USA Today takes a look at the rapid uptake of chromosomal microarrays for prenatal testing, noting that while the approach can detect more genetic abnormalities than current methods like karyotyping, the significance of many of these variants is often unknown.
"Our capacity to test and our capacity to make sense of the results are not well-aligned," Rachel Grob, the author of a book on prenatal and neonatal genetic testing, tells the paper.
David Kronn, chief of medical genetics at Maria Fareri Children's Hospital, agrees, noting that chromosomal arrays are a "powerful technique, but sometimes we don't know what the information means."
As reported in Daily Scan's sister publication Genome Technology this month, some geneticists say the challenges related to variants of unknown significance may hamper adoption of chromosomal arrays. Dom McMullan, head of molecular cytogenetics at the West Midlands Regional Genetics Laboratory in Birmingham, UK, tells GT that many UK labs are limiting the use of CMAs to pregnancies with an abnormal ultrasound scan.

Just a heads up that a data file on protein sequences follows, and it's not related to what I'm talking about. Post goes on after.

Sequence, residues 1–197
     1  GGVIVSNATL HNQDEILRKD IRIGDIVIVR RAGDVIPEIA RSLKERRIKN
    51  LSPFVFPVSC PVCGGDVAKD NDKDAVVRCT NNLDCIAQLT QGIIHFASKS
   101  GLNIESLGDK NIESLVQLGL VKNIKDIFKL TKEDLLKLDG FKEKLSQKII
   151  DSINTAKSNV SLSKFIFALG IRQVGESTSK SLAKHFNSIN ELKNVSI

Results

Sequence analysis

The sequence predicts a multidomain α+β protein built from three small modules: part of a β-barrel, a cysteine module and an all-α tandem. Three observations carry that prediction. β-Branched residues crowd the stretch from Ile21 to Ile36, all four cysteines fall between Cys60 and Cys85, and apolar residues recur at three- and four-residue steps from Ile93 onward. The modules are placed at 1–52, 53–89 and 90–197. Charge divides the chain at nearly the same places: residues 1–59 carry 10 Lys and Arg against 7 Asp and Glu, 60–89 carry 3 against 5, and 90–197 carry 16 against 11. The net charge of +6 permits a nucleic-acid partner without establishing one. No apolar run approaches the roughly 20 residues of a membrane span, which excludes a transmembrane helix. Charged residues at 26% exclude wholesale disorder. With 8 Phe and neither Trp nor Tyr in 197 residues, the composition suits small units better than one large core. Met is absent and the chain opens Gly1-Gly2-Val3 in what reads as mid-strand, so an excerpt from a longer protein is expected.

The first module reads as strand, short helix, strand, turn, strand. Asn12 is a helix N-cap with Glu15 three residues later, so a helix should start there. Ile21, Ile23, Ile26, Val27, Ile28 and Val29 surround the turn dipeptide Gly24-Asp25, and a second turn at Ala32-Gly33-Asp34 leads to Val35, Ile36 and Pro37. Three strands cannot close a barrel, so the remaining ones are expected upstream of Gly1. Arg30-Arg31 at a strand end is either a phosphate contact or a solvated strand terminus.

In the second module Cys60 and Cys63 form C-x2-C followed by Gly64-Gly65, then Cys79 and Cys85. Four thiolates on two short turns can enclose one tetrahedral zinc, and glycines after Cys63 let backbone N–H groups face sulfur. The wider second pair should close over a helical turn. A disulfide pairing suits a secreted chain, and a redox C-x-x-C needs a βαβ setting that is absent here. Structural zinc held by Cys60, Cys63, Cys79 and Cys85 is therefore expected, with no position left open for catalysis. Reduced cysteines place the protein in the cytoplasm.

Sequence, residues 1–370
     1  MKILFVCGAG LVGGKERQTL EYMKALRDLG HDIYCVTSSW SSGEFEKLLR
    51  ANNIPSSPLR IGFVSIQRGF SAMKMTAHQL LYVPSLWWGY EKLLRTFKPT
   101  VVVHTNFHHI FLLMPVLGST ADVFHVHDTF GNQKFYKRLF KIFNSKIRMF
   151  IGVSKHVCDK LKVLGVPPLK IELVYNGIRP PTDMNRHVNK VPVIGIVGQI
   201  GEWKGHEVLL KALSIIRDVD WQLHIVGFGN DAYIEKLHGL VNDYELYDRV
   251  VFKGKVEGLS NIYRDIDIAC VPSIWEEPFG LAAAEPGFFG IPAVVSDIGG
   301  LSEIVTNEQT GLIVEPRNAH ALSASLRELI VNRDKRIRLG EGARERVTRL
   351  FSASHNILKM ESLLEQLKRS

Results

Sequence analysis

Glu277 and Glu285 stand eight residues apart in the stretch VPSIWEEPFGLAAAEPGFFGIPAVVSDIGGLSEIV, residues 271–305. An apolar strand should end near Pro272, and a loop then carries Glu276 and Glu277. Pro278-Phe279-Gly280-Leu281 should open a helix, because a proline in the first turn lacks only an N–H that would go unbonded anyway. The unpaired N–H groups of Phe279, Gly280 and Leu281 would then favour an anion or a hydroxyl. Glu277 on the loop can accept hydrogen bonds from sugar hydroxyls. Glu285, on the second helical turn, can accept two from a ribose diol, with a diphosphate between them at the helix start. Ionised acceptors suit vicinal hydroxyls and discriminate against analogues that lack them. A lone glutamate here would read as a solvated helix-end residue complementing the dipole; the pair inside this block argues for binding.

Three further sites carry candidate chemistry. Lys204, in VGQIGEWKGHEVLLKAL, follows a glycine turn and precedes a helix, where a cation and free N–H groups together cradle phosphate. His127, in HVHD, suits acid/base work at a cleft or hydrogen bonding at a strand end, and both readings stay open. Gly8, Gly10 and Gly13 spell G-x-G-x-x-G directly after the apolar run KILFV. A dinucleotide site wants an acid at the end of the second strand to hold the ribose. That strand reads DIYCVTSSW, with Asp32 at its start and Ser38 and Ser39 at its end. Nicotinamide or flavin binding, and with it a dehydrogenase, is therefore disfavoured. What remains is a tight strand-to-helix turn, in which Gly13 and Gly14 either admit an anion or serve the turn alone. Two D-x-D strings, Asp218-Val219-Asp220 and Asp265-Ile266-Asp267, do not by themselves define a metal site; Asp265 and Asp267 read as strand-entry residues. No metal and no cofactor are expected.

"Reporting findings of unclear clinical significance has been a difficult area since the introduction of prenatal diagnosis by chromosome analysis," McMullan says. "It is not really a new problem, just likely to be more common with use of arrays and at a different level of resolution."
There are efforts to address these challenges, however. In particular, groups like the International Standards for Cytogenomic Arrays consortium and the Cytogenomics Array Group are developing databases to house new findings that can be shared among geneticists.